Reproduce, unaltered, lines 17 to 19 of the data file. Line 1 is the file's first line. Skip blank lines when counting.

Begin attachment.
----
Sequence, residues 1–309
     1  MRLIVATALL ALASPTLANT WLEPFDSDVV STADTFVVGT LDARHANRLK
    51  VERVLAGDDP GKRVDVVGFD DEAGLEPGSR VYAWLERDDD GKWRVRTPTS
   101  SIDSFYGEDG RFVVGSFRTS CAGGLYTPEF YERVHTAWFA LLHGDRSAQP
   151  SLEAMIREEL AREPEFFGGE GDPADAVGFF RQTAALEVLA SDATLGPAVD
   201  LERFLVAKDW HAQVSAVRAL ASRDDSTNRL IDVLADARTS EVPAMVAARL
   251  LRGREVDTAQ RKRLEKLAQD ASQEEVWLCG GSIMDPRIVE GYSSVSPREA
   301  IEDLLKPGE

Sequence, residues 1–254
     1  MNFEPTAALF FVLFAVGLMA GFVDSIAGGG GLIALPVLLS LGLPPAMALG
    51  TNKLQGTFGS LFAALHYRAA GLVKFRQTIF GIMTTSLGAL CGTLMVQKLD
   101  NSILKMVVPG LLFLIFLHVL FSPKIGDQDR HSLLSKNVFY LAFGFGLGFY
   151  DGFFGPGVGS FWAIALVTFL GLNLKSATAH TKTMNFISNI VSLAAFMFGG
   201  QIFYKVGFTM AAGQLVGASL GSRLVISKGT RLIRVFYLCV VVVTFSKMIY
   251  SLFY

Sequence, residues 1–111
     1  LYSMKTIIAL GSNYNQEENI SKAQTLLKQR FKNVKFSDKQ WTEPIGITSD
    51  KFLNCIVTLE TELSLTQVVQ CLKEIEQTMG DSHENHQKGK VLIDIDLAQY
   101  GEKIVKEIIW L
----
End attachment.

     1  LYSMKTIIAL GSNYNQEENI SKAQTLLKQR FKNVKFSDKQ WTEPIGITSD
    51  KFLNCIVTLE TELSLTQVVQ CLKEIEQTMG DSHENHQKGK VLIDIDLAQY
   101  GEKIVKEIIW L